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There is something very, very wrong with today’s music

Vacceo

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I was born in 1962 so technically I am a boomer.


Millennials stand to inherit over $68 trillion from Baby Boomer and early Gen X parents by the year 2030, setting them up to potentially be the most wealthy generation in U.S. history

So if y’all start making better music we will think about handing our money over ROFL
Just kidding 0.o
Overflood the second hand market with McIntosh gear that I can resell in Europe for ridiculous prices. Help a Spaniard in need. :D
 

Vacceo

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Lol!

I wish I could help you out, unless you know someone… as the saying goes they cost an arm and a leg lol
I´ll give you an example: MI347 amplifier, 5500 $ in the US, 8000 € over here. Imagine what could be overcharged for vintage stuff...
 

Andretti60

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" . . . Indeed, considerable evidence suggests that the brains of older adults have the capacity for plasticity [11]. For example, engagement in physical activity (e.g., aerobic exercise [12,13,14]; non-aerobic exercise [15]; ballet [16]) and cognitively stimulating leisure activities (e.g., music [17], dancing [18], and chess [19]) have been shown to benefit the aging brain and cognition, as well as to reduce the risk of dementia [20]. Given the increasing aging population and the expected rise in the prevalence of Alzheimer’s disease over the next 40 years [21], it is important to determine lifestyle factors that benefit the aging brain.

Musical practice has been found to benefit cognitive function and brain health in older adults [17]. Musical training involves sensory systems, motor systems, and cognitive processes at multiple levels [22,23], and playing a musical instrument is associated with superior cognitive performance in older adults [17,24,25]. Interestingly, the cognitive benefits of music in older adults extend beyond tasks related to musical skills to include cognitive processes such as executive function, attention, inhibition, memory, cognitive flexibility, spatial ability, and processing speed [17]. Variables relating to musical practice, such as the intensity of the musical activity [26], maintaining the practice into older age [26,27,28], type of training [26], training duration [28], and earlier age of onset [26,27,29] have also been found to play a role in cognitive sparing and improvements . . . "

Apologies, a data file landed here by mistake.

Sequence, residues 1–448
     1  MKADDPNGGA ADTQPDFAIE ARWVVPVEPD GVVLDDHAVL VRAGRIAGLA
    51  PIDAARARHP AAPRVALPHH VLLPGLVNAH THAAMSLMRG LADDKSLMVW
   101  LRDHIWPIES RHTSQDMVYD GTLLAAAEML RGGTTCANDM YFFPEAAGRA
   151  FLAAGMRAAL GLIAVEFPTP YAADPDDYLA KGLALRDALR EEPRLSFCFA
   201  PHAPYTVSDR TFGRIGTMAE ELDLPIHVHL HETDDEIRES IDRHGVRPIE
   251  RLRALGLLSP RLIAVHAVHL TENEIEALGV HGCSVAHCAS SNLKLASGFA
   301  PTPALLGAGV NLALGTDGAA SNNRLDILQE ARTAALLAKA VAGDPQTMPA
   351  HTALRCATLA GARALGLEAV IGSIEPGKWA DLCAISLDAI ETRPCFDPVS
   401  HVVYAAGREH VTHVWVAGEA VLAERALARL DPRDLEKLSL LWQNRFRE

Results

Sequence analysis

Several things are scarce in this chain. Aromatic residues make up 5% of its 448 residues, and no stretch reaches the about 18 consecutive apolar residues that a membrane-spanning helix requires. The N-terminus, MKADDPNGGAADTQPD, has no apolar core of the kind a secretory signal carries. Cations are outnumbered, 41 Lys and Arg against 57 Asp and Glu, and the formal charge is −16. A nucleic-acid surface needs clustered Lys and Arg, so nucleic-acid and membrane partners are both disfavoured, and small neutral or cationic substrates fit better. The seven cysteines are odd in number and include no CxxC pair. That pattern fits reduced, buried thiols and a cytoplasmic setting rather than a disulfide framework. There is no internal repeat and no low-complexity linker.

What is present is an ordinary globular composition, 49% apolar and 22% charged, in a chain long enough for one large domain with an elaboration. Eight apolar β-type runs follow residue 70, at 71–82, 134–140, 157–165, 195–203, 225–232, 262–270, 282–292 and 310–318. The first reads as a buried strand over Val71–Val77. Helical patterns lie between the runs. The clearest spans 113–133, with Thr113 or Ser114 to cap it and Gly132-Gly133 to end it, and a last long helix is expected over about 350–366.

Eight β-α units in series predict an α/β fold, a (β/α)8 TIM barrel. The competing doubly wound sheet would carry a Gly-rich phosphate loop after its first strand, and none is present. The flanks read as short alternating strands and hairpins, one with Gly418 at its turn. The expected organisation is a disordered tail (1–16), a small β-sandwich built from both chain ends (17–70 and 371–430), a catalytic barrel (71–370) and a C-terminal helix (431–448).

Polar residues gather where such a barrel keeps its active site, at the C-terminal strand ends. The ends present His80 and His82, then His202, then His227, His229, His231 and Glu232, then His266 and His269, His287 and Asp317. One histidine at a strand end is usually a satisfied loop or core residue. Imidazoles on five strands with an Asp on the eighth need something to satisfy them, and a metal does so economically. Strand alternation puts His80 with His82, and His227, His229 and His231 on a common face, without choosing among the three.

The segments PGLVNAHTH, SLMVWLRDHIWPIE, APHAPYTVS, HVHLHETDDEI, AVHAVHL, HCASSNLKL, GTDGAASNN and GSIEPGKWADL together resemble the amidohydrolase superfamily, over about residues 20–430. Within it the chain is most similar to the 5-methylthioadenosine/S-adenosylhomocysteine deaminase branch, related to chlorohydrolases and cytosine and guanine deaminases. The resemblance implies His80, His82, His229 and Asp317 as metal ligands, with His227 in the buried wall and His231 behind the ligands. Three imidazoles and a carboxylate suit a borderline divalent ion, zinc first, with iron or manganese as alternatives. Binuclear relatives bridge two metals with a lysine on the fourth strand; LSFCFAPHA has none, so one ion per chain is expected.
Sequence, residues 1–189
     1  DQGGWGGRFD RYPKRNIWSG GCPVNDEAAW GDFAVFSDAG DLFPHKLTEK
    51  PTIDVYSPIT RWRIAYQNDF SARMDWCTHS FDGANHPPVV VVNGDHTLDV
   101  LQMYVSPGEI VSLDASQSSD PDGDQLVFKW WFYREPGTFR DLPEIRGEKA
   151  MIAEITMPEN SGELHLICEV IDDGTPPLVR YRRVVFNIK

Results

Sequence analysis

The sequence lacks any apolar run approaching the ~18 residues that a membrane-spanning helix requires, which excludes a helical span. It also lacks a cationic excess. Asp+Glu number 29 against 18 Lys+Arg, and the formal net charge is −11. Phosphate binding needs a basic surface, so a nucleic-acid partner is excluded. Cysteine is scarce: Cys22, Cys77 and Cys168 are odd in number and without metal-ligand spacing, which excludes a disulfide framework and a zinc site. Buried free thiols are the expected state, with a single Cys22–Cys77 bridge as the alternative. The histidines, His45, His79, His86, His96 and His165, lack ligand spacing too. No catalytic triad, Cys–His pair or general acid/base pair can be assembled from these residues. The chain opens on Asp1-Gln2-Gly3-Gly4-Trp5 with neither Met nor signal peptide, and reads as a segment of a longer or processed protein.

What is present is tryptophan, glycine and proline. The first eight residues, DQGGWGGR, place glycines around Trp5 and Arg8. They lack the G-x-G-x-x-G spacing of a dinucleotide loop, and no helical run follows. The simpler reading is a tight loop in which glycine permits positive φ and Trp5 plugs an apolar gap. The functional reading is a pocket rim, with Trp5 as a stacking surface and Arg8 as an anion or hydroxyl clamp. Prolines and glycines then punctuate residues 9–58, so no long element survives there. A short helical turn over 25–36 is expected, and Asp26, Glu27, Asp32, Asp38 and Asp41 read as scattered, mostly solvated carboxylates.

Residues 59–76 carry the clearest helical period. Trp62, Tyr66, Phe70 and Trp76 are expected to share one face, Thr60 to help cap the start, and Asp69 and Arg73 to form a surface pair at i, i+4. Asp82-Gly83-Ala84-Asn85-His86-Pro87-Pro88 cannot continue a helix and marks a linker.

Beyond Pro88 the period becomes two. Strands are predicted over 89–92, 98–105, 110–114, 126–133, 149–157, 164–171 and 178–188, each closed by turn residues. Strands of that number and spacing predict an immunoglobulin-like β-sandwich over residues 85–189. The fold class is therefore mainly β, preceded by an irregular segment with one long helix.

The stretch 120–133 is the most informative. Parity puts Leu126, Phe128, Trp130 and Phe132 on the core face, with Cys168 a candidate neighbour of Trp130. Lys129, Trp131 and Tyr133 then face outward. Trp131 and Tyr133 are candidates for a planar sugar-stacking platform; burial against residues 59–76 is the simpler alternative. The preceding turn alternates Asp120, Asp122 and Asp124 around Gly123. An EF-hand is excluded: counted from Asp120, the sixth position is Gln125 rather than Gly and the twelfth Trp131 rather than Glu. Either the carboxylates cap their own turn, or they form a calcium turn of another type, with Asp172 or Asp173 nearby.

Watch out, those studies do not show that listening (or playing) music (among other activities) “improve the intelligence”, rather improve the “cognitive functions”, they are very different.
 

Robin L

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Watch out, those studies do not show that listening (or playing) music (among other activities) “improve the intelligence”, rather improve the “cognitive functions”, they are very different.
Really? Show us how an improvement in cognitive function doesn't ultimately indicate an improvement in intelligence. As far as I'm concerned, it does. It's up to you to prove otherwise.
 

Andretti60

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Really? Show us how an improvement in cognitive function doesn't ultimately indicate an improvement in intelligence. As far as I'm concerned, it does. It's up to you to prove otherwise.
The issue here is to define what “intelligence” means. We still don’t have a good definition, rather we have various definitions that applies to different aspect of intelligence (for example verbal or visual). There are activities that stimulate certain areas of the brain and therefore help to keep us sharp (including physical activities that help the blood flow in the brain), but they do not necessary make us more intelligent.
 

RayDunzl

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"Hey everybody, I'm Rick Beato, so I've been on this kick lately about music becoming less and less complex over the last, I don't know, 30 years, 40 years or so, and I keep thinking:

What is the most complicated song I've ever played that ls a pop song, and I was reminded of a gig that I played in 1983."


 

ambience